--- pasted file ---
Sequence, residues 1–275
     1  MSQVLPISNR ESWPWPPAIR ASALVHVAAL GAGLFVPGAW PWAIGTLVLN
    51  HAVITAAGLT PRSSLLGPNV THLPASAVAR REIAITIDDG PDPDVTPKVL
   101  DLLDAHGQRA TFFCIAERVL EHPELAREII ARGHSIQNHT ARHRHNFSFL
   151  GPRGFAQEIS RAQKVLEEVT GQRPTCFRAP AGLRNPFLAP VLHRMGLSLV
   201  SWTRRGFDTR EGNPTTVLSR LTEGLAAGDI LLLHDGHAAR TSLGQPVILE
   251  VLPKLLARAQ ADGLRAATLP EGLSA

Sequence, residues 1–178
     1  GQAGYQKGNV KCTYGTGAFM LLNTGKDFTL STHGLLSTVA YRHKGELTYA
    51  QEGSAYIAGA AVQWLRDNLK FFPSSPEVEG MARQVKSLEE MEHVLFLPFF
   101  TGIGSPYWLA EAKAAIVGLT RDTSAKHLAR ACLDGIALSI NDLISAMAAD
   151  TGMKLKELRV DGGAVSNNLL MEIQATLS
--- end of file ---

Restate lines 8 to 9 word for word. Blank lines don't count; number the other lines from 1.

Sequence, residues 1–178
     1  GQAGYQKGNV KCTYGTGAFM LLNTGKDFTL STHGLLSTVA YRHKGELTYA